After a stop for lunch, Artress began to lose his breath. His lungs were slowly filling with fluid. It felt as if someone was squeezing his throat. He turned to his wife.
"We are in a really, really bad place," he began. He explained what was going on, and that the only cure was to descend.
But that was out of the question, Kitaba said. The climb up Shira Route's Western Breach they had taken that day was too rocky and dangerous to descend, especially at night. To make matters worse, the temperature was falling, and that increased the chance of a rockslide.
The only option was to make the 840-foot climb to the top and go back down the other side. Husband and wife held each other and sobbed.
"I thought how stupid it would be to die without ever giving anything back to society," Artress said.
By midnight, Artress worried he wasn't going to make it. Shivering under a pile of blankets, he turned to his wife: "We've got to do something, or I'm going to be dead by morning."
Gustafson rousted the camp, and they set off in the freezing darkness for the summit.
Kitaba and the porters took turns wrapping an arm around Artress and singing Swahili songs of encouragement in his ear. They sang about the mighty mountain and about resilience, and stopped with Artress every time he had to bend over and take deep breaths to get his heart rate below 200.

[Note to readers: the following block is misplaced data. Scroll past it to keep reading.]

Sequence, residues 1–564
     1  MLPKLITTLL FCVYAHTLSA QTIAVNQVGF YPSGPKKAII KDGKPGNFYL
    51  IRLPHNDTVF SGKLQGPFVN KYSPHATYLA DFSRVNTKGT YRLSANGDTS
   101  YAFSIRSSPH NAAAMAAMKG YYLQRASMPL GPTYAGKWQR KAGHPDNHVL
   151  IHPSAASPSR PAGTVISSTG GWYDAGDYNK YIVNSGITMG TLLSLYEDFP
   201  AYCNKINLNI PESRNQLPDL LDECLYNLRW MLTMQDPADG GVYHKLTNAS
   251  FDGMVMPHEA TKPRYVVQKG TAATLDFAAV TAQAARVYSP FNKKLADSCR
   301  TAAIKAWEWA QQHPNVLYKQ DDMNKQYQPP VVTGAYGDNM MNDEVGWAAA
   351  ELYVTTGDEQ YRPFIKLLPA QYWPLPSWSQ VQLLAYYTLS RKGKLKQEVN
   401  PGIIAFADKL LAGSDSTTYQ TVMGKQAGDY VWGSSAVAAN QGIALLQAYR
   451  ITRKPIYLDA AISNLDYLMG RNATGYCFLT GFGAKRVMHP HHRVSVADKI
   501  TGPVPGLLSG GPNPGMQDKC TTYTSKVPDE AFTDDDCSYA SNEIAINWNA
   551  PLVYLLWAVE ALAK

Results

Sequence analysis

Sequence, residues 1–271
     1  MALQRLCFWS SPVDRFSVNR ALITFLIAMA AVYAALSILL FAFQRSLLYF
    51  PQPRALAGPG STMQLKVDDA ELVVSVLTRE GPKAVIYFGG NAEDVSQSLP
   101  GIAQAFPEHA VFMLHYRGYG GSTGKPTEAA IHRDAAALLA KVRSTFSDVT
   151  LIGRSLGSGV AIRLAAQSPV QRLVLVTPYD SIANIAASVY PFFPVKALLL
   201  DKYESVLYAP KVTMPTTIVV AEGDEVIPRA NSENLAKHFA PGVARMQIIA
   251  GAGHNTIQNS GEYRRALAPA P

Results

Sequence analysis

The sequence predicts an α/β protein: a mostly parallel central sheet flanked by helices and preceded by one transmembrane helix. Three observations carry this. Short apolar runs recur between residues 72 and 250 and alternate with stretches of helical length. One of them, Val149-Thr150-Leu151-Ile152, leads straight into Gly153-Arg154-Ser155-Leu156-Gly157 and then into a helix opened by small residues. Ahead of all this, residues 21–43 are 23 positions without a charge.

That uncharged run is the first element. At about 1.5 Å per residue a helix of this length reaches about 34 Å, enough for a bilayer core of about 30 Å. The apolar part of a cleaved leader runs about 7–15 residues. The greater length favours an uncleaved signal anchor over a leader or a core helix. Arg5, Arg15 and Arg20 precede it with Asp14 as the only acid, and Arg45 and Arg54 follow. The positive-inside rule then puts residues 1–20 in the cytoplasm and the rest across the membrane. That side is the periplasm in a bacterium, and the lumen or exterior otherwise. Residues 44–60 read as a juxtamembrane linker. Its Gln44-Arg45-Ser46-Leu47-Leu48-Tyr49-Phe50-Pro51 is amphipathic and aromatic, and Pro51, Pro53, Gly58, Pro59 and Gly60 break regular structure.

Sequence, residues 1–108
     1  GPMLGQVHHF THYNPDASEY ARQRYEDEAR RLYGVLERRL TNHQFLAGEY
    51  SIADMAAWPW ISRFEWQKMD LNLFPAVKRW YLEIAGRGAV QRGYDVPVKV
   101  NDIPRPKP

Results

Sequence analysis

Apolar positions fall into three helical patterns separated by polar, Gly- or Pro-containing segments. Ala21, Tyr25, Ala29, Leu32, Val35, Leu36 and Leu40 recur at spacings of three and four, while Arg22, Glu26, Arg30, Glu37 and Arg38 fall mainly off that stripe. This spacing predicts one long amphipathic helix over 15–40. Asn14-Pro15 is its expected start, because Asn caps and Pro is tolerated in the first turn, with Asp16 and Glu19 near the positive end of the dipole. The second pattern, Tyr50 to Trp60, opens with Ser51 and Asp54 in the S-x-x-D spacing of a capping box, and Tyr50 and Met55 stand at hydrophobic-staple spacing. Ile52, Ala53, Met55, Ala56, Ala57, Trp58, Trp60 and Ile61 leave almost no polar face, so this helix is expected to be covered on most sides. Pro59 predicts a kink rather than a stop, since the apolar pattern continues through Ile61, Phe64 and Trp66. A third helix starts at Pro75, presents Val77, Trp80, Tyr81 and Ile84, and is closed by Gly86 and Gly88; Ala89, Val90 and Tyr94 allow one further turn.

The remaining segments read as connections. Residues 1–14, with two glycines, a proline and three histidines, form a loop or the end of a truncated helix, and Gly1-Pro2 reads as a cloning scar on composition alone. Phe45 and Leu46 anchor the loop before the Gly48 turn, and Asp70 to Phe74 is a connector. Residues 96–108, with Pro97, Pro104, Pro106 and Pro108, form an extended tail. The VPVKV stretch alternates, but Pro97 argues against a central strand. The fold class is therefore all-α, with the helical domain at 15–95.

In case his heart gave out, Artress taught the crew how to give him a precordial thump - a closed-fist smack to the chest that simulates an emergency adrenaline shot.
After eight hours, they crested the summit. Kitaba sent a porter racing ahead to the Kilimanjaro National Park ranger station to ready a stretcher.
Artress made it down the other side to the ranger station at 14,700 feet, where he promptly passed out.
When he awoke, he was in his sleeping bag, strapped to a military cot with a motorcycle tire under it. Four porters were each holding a corner and running down the mountain, still singing Swahili prayer songs. These men who barely knew Artress had risked their own lives, climbing in the darkness, to save his. Artress was overwhelmed with gratitude.
Kitaba got Artress to a doctor in a clinic in nearby Arusha the next day. The doctor saw no heart damage.